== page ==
By Southwester Staff
On Monday, July 11, the Thelma D. Jones Breast Cancer Fund (TDJBCF), in collaboration with James Creek Resident Council, Syphax Gardens Resident Council, GOODProjects and the Southwest Business Improvement District (SWBID) hosted Breast Cancer 101 at River Park in Southwest DC. Funded in part by a generous grant from the Friends of Southwest DC, the event was intended to meet the community’s growing need for answers around prevention, adherence, treatment, genetic testing, available resources, and support.
While Breast Cancer 101 is the first event of its kind, the collective effort to host this year’s Southwest Earth Day celebration and resource fair in April 2022, where several residents expressed a need for support with their diagnoses, was the inspiration behind the successful event. The topic hits close to home for several of the participants who knew that “early detection saves lives.” For that reason, it was important that a partner like Georgetown Lombardi Capital Breast Care Center, represented by Patient Navigators Rhonda Hamilton and Tyra Hopper, distributed literature and registered attendees for free mammograms.
With over thirty women in attendance, many survivors themselves, stories of struggle, treatment, and triumph were shared by Southwest breast cancer survivors Jenelle Leonard (triple negative), Deb Hodge (young survivor), and Linda C. Brown (caretaker for her physically challenged daughter). From age thirty-four to ninety-two, survivors and those interested in prevention introduced themselves, played trivia games for prizes and shared a meal with each other. The keynote speaker was Dr. Lucile Adams-Campbell, Associate Director for Minority Health and Health Disparities Research, Senior Associate Dean for Community Outreach and Engagement, and Professor of Oncology at Lombardi Comprehensive Cancer Center at Georgetown University Medical Center. She conducts lifestyle interventions related to breast cancer and metabolic syndrome and conducts large epidemiological cohort studies including the Black Women’s Health Study.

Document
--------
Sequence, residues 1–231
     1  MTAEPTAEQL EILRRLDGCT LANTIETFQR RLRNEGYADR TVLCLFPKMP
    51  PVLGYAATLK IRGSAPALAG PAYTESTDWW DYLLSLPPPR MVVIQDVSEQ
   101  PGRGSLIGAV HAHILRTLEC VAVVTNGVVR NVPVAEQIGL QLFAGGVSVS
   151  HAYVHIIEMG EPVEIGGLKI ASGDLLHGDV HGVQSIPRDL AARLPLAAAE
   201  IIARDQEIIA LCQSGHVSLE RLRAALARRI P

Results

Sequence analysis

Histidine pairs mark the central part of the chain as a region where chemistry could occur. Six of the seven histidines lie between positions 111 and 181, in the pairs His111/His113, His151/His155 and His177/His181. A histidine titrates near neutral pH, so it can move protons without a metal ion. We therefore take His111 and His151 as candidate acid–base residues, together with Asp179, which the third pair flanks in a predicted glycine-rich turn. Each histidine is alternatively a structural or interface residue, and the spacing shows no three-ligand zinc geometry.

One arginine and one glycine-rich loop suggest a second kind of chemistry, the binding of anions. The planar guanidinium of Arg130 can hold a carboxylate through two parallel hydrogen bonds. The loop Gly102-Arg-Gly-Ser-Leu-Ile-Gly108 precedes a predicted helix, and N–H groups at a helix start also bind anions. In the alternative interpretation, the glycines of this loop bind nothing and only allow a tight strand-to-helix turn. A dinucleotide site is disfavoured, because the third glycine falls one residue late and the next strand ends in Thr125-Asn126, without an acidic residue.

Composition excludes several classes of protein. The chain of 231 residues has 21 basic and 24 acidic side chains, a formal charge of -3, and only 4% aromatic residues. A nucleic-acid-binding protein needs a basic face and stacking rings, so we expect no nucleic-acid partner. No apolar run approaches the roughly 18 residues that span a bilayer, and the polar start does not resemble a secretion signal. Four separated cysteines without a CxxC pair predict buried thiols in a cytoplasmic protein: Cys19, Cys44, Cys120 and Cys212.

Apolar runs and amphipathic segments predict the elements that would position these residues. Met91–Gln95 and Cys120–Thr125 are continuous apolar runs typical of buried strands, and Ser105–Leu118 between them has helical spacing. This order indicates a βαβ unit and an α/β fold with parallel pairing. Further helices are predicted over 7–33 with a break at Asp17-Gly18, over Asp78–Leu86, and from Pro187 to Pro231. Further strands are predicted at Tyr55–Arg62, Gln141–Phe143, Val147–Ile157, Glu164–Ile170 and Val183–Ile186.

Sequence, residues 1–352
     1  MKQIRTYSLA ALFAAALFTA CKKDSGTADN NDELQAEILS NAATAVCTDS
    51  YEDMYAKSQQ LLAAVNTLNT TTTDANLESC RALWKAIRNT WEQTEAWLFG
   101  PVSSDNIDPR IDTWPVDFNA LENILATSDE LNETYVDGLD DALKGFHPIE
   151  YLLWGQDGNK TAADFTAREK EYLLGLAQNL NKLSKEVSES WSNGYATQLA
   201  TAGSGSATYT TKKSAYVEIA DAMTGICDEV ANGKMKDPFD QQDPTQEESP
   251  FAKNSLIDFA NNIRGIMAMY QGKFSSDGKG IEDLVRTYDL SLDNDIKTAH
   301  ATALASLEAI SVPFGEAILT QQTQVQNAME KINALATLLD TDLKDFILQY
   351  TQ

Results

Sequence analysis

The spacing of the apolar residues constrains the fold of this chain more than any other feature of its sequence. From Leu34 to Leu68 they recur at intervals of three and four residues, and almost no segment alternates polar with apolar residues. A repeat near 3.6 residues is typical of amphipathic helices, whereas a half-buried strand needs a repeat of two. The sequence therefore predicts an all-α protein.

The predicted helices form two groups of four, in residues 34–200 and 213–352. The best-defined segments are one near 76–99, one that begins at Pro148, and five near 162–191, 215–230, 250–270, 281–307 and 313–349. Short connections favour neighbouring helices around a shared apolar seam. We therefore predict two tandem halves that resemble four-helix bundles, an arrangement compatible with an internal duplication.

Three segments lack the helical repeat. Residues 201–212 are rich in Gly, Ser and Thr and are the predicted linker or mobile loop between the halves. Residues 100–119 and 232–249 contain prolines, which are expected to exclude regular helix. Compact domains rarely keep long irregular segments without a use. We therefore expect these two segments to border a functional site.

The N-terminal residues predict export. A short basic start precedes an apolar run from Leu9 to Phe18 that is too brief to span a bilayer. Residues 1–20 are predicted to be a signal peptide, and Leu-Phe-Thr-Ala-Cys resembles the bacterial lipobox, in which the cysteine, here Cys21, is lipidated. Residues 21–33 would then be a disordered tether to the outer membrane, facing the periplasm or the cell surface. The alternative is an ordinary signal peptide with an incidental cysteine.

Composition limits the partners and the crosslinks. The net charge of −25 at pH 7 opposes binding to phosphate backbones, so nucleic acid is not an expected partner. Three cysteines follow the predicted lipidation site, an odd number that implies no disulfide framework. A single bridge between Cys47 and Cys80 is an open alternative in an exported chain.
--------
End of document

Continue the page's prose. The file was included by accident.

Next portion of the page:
For collaborator Jasmine Campbell of GOODProjects, Dr. Adams-Campbell was the perfect speaker for the event. “It was important to bring a thought-leader like Dr. Adams-Campbell to the event. Not only because of the degree of insight she has on minority health, particularly Black women’s health, but also because she looks like many of today’s participants. That aspect makes what she’s saying that much more relatable for the participants, most of whom are also Black and struggle with the similar health disparities,” said Campbell.
According to Thelma D. Jones, Founder, TDJBCF and lead collaborator, “the Breast Cancer 101 effort will continue until we have reached the key areas of our community. The TDJBCF is infinitely grateful for the support of the collaborators, the funding support from the Friends of Southwest DC, River Park Management, and Georgetown Lombardi Comprehensive Cancer Center.”
Plans are already underway to continue with a follow-up event in the fall. To participate in future breast health sessions, please email firstname.lastname@example.org call (202) 251-1639 or visit www.tdjbreastcancerfund.org.